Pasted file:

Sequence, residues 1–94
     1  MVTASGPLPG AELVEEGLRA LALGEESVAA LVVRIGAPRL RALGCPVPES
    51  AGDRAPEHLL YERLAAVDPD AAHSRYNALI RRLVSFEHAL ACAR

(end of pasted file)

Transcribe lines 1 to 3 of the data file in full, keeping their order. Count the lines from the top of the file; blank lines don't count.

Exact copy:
Sequence, residues 1–94
     1  MVTASGPLPG AELVEEGLRA LALGEESVAA LVVRIGAPRL RALGCPVPES
    51  AGDRAPEHLL YERLAAVDPD AAHSRYNALI RRLVSFEHAL ACAR